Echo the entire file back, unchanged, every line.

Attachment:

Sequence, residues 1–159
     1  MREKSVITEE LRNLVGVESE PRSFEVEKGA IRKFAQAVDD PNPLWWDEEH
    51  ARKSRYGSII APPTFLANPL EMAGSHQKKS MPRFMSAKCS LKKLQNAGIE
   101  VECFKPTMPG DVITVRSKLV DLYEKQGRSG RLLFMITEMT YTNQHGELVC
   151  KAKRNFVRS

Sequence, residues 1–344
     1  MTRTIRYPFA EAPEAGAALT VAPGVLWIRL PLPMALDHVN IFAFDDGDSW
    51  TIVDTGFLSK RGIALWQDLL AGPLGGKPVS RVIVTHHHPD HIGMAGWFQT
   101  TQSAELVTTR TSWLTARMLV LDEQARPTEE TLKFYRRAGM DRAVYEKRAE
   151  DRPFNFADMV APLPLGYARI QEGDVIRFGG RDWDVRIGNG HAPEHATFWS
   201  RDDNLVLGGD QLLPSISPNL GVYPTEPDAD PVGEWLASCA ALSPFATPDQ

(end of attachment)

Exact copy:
Sequence, residues 1–159
     1  MREKSVITEE LRNLVGVESE PRSFEVEKGA IRKFAQAVDD PNPLWWDEEH
    51  ARKSRYGSII APPTFLANPL EMAGSHQKKS MPRFMSAKCS LKKLQNAGIE
   101  VECFKPTMPG DVITVRSKLV DLYEKQGRSG RLLFMITEMT YTNQHGELVC
   151  KAKRNFVRS

Sequence, residues 1–344
     1  MTRTIRYPFA EAPEAGAALT VAPGVLWIRL PLPMALDHVN IFAFDDGDSW
    51  TIVDTGFLSK RGIALWQDLL AGPLGGKPVS RVIVTHHHPD HIGMAGWFQT
   101  TQSAELVTTR TSWLTARMLV LDEQARPTEE TLKFYRRAGM DRAVYEKRAE
   151  DRPFNFADMV APLPLGYARI QEGDVIRFGG RDWDVRIGNG HAPEHATFWS
   201  RDDNLVLGGD QLLPSISPNL GVYPTEPDAD PVGEWLASCA ALSPFATPDQ